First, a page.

Relational connection occurs when two or more individuals see, hear, understand, and join each other where they are (if not physically, emotionally)—and, of course, experience joy together. This season is propitious in developing meaningful relationships with the significant people in your life. While technology makes it easy to communicate with anyone, anywhere, relational connections occur when people are intentional and take the time to pause and create a safe space where they can share their deepest thoughts and feelings.

Some ideas to consider:

  • In times of isolation or confinement with others, certain needs become more apparent, which can often reveal internal issues that have never really been addressed. Write down these needs, frustrations, longings, and whatever is triggered by this unprecedented season. Then share them with someone you trust by phone or video conference.
  • Send letters to those who may be in a vulnerable state or to your loved ones. As life moves at a slower pace, using a slower medium, such as direct mail, to connect with others can help bring you closer together.
  • Share with others what interests, fascinates, or intrigues you on social media or by creating a YouTube channel. Connect with people who share the same concerns and/or passions.

Activating our body senses with stimuli that enhance our gratitude and appreciation, activating our creative energy, and meaningfully connecting with people we respect and love are powerful competencies that can absorb the negative impact of being confined for an extended time. In fact, these competencies help us to nourish our emotional reservoirs and to identify key or life-giving elements that we need to build our life around. They help restructure our disrupted daily routines as a result of this pandemic. Having a robust and life-giving routine is what allows astronauts to face forced confinement for months as they travel to space. This is how this season can become a unique opportunity to (re)structure our lives and find joy around what really matters. In fact, this is what thriving is all about.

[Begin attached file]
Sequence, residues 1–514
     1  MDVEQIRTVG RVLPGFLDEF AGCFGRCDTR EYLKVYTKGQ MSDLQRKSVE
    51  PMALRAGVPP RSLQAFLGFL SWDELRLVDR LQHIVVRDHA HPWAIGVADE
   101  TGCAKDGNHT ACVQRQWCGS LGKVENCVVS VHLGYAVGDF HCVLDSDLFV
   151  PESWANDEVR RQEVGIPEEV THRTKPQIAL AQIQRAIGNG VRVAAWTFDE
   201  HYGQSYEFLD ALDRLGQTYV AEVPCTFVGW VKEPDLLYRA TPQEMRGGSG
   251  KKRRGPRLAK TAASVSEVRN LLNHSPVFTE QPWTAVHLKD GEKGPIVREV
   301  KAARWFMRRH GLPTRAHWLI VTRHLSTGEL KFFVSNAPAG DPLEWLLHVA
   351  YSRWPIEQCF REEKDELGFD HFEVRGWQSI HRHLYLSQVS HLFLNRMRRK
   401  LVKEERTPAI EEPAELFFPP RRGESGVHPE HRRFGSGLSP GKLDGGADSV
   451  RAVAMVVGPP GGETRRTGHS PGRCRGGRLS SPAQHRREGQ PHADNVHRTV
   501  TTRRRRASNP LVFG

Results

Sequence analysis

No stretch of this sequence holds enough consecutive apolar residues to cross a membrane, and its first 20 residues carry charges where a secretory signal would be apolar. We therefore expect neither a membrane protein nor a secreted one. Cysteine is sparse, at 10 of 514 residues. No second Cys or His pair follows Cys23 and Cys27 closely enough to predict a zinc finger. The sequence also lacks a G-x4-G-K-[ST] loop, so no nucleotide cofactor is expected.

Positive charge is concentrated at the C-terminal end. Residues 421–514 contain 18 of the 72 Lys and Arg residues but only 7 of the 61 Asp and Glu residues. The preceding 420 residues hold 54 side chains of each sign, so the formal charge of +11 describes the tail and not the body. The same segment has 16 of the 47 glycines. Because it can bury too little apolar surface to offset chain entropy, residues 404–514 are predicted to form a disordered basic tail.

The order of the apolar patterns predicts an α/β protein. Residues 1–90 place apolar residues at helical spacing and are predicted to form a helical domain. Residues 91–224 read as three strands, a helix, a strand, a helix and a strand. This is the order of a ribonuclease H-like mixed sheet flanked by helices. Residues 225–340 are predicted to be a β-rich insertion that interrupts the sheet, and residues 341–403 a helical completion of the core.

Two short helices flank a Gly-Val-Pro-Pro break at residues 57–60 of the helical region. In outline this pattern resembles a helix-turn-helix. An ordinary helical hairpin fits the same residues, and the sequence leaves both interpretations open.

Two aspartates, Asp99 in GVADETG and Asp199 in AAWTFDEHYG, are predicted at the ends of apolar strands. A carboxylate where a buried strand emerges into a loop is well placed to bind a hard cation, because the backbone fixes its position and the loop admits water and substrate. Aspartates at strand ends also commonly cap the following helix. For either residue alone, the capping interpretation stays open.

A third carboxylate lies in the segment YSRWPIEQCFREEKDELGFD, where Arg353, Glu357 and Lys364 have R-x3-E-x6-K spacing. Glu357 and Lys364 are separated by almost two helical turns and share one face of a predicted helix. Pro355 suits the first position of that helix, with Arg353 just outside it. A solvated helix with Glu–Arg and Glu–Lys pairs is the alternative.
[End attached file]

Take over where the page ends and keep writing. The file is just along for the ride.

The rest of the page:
References

1. Shapiro, L. (Ed.). (2014). The routledge handbook of embodied cognition (1st ed., Ser. Routledge handbooks in philosophy). Routledge, Taylor & Francis Group

2. Covey, S. R. (2004). The 7 habits of highly effective people: powerful lessons in personal change (Reissue). Simon & Schuster.

About the Author

Fred Defoy

Fred Defoy

Fred is a Ph.D. student in Fuller's Psychological Science program. He holds an M.A. from Wheaton College in Christian Formation and Ministry and is a professional vocational coach (ICF). Fred is currently working alongside Dr. Pam King on JoyRide: Thriving on the Road to Joy and Emerging Adult Spiritual Exemplars. His hope is to contribute to the discussion of helping others embrace their vocation and connect them to their purpose.